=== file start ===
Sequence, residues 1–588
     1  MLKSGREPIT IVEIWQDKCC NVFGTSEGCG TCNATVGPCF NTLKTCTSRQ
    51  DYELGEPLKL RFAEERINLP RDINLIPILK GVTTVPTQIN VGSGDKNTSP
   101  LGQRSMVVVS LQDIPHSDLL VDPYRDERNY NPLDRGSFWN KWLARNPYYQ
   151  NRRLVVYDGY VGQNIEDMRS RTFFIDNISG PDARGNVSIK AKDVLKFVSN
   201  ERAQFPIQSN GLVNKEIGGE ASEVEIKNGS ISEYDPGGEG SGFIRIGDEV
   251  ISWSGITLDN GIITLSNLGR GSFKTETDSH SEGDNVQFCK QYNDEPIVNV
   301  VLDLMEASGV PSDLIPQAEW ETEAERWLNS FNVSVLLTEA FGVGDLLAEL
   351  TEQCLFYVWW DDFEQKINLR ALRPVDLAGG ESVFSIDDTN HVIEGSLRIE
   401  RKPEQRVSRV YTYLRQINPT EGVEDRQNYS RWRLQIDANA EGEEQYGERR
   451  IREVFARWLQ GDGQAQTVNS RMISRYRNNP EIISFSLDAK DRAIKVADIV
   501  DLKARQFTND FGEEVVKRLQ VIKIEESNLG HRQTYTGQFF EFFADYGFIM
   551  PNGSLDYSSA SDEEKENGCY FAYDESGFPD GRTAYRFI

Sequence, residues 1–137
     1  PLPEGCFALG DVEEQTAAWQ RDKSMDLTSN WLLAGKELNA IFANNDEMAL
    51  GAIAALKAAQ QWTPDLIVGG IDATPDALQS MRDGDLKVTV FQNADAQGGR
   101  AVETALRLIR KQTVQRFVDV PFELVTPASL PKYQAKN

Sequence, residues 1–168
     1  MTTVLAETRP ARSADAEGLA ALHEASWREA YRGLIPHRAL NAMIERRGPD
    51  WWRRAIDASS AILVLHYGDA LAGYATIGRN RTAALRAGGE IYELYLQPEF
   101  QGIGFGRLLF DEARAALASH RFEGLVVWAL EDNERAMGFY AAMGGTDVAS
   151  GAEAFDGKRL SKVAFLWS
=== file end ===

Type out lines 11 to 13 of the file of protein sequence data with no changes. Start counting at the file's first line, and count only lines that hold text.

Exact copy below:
   451  IREVFARWLQ GDGQAQTVNS RMISRYRNNP EIISFSLDAK DRAIKVADIV
   501  DLKARQFTND FGEEVVKRLQ VIKIEESNLG HRQTYTGQFF EFFADYGFIM
   551  PNGSLDYSSA SDEEKENGCY FAYDESGFPD GRTAYRFI